Of all of Jack Kirby’s seventies DC work, I think that everything must be somebody’s favourite. His Fourth World books bristled with ambition and perhaps serve as the most high-profile, influential and long-running of Kirby’s work with the publisher, but you never have to look too hard to find a proponent of the author and artist’s work on O.M.A.C. or Kamandi. While I am fond of all of Kirby’s DC work, enjoying the raw energy and sheer volume of ideas he brings to his high concepts, I have a soft spot for The Demon, if only because it’s a delightfully off-the-wall example of Kirby’s multiple interests bouncing off one another and familiar archetypes to create something that is often quite difficult to pin down.
It’s a shame that it took so long for Kirby’s DC work to really find an audience. Any author attempting to introduce a new comic book character at one of the big publishers must be daunted by the fact that even the creations of Jack “the King” Kirby couldn’t find a consistent audience – most cut down in their prime as they struggled to attract readers. It seems that the conservatism of comic book readers is hardly a new thing, as the more outlandish and original books of DC’s “new 52” relaunch find themselves staggering around on the verge of cancellation.
Fans like what they know. They appreciate the familiar. That’s why the million-and-one Batman books sell well every month while lower-profile (but critically praised) books tend to wither. I suspect that played a massive role in the failure of Kirby’s creations to really land on their feet during the seventies. His books were far from the superhero norm, despite the fact that his Fourth World books were launched from the Superman spin-off Superman’s Pal Jimmy Olsen. At the time, they must have seemed the most strange and exotic creatures, hard to classify within a medium increasingly dominated by familiar superheroes.
Still, it’s nice to see that time has been kinder to Kirby’s work than contemporary readers. His Fourth World has becomes one of the most important sections of the DC pantheon. In DC’s recent relaunch, Kirby’s Darkseid was chosen to unite the iconic Justice League as a force none of the seven could take alone. There was even an O.M.A.C. book written by the editor, Dan Didio. I’m also glad to see The Demon get some high-profile exposure, with Paul Cornell’s Demon Knights centring around the character and his medieval band of would-be-heroes.
Indeed, Etrigan the Demon was perhaps the most successful of Kirby’s non-Fourth-World creations for the longest time, bubbling along under the radar – in large part due to his use by Alan Moore in Swamp Thing. The character has actually held several on-going books, which I am sad to say have never been fully collected. He’s attracted some wonderful talent in the form of Alan Grant and Garth Ennis as writers. I think a large part of the character’s success is down to Kirby’s wonderfully elastic premise.
In fact, Etrigan seems a little familiar to long-time fans of Kirby’s work. The notion of two rival minds competing over possession of one body is a common enough literary theme, perhaps most successfully and popularly expressed in The Strange Case of Doctor Jekyll & Mister Hyde, but Kirby had explored this theme before. It informed his work with Stan Lee on The Mighty Thor, but The Demon feels like something of a spiritual companion to The Incredible Hulk, a book that Kirby helped launch, but which struggled quite a bit in its early days.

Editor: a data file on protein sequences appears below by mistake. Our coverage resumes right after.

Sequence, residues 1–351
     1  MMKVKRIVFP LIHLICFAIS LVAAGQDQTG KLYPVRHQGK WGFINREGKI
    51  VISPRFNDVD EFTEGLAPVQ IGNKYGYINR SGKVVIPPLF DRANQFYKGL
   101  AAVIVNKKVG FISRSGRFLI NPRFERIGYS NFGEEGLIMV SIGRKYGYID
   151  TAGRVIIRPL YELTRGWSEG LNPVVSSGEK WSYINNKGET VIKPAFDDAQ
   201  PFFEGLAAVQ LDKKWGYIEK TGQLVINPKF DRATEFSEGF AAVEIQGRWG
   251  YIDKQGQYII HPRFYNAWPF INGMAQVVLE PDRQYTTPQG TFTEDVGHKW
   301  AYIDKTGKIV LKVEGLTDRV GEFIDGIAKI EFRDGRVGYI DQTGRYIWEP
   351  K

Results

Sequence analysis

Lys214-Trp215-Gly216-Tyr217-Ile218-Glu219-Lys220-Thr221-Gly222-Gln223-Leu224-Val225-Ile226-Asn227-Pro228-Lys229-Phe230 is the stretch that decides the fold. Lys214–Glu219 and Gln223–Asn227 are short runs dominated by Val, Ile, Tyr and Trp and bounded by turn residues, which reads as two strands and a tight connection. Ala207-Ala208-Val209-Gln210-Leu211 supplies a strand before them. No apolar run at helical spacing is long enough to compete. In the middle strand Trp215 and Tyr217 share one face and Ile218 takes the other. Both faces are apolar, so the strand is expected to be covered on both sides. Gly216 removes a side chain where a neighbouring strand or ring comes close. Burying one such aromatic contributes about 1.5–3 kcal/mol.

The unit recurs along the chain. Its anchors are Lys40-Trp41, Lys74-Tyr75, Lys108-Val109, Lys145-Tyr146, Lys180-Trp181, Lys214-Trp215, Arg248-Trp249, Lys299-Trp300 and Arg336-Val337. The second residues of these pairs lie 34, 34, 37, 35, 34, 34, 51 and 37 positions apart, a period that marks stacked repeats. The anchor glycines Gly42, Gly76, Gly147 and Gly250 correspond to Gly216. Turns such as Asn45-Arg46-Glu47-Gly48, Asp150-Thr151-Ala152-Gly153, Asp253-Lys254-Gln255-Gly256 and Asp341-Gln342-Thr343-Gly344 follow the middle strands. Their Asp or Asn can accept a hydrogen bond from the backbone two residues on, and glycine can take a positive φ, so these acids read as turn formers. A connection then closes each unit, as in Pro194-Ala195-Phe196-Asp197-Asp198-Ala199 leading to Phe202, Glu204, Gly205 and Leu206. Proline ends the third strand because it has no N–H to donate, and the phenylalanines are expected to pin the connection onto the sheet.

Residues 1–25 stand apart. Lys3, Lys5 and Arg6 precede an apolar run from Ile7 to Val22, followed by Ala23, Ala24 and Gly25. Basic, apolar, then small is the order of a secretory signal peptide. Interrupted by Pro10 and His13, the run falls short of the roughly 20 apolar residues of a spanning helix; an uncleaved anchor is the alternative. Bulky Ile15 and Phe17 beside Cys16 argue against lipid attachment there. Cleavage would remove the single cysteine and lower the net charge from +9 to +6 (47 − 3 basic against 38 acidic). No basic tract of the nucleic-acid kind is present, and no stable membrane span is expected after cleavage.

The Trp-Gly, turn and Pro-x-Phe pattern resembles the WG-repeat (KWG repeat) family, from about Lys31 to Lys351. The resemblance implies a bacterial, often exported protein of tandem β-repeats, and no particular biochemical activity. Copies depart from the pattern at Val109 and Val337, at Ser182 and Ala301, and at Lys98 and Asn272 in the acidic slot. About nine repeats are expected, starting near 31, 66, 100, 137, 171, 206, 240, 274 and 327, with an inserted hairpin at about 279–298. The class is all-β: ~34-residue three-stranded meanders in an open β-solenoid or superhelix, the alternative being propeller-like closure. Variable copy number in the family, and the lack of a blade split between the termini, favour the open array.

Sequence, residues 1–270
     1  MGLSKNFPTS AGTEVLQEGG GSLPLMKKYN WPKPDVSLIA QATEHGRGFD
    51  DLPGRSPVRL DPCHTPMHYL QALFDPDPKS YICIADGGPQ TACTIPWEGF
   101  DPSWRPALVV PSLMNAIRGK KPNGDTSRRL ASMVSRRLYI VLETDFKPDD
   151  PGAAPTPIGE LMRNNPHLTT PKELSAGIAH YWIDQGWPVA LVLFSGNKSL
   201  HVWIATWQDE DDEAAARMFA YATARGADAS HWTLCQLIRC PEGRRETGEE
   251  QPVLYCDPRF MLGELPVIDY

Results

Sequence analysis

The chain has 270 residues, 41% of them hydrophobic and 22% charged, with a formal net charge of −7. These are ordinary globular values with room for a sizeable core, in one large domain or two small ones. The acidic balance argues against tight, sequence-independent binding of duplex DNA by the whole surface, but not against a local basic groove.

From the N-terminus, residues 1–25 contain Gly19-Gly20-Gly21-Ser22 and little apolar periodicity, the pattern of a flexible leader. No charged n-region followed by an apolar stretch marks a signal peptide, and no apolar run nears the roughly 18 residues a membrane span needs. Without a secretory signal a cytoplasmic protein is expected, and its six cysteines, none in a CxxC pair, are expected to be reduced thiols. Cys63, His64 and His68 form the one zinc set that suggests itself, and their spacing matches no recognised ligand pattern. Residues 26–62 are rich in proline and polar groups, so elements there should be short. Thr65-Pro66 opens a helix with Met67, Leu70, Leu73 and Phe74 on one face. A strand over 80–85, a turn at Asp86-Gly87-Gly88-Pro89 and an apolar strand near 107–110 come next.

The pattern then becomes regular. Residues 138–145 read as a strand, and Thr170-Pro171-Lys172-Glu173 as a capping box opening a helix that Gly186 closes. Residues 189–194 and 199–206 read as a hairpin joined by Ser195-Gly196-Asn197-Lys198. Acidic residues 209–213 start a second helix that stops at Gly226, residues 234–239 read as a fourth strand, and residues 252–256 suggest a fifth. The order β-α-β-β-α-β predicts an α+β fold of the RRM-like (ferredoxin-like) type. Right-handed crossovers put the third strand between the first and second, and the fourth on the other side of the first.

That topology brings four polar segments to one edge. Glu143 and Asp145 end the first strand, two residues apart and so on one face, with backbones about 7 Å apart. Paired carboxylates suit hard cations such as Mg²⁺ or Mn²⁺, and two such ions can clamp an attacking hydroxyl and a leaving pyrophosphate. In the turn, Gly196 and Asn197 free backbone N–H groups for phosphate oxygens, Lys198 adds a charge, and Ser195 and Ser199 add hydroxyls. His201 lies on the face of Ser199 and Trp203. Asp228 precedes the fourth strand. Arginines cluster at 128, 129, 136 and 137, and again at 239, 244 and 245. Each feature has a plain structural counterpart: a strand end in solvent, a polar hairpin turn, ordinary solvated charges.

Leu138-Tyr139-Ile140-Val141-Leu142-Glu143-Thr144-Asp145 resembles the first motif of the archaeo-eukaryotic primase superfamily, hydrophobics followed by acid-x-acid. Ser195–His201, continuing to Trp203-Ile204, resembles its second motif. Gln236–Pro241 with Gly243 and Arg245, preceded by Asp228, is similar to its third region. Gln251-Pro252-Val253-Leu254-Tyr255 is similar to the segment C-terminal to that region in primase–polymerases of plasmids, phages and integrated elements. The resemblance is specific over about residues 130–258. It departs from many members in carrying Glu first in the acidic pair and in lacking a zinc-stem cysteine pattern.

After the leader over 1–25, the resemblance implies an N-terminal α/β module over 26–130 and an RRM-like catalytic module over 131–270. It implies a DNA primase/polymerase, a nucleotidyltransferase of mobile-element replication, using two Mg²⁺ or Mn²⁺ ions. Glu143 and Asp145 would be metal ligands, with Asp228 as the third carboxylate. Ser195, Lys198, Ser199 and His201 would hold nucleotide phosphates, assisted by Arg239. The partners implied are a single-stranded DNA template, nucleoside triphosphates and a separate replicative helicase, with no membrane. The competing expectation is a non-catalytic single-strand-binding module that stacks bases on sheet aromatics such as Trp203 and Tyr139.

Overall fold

There are a few echoes of that Marvel icon to be found here.The Demon seems to be something that Jason Blood dreads, much like Bruce Banner feared his massive alter ego. At one point, Blood complains, “It happened again, Randu! The change came without warning!” Like Banner and the Hulk, there’s hinted to be some ambiguity about how the duo might influence each other – even unconsciously. Etrigan suggests that Blood exerts some influence over his actions, observing, “What stays my hand from your throat! — but a voice inside me — strident — yet, remote!” It’s clear that Jason and the Demon do not simply swap places, that they sit inside one another like a set of nesting dolls.
Some of the plot points might seem familiar to those with a passing knowledge of the Hulk as a character, as Jason Blood finds himself navigating a few similar plot points and hurdles. One frequent Hulk plot sees Jason Blood managing to exorcise his Demon, only to release that his freedom could not have come at the worst possible time. As his girlfriend is abducted, he laments, “There’s only one who can save her — and I-I destroyed him!” (To be fair, it’s a common enough superhero plot. Superman II and Spider-Man II explored something similar. Still, it feels like an echo of the Green Goliath here, with Blood exorcising more than just his responsibilities and superpowers, but a whole other personality.)
Like the early days of the Hulk, Kirby seems less than strict about the transformation from Jason Blood to Etrigan and vice versa. Does the rhyme need to be spoken? By Jason or by somebody else? At one point in the story, it seems like the Demon simply fades away because he is exhausted, rather than as a result of any spell or incantation. “I-I’m slipping fast — must not – yield sword-!”the Demon gasps. That said, things become a bit smoother towards the end of the series when Blood manages the transformation using the Philosopher’s Stone. Or the Sorcerer’s Stone for our American Harry Potter fans.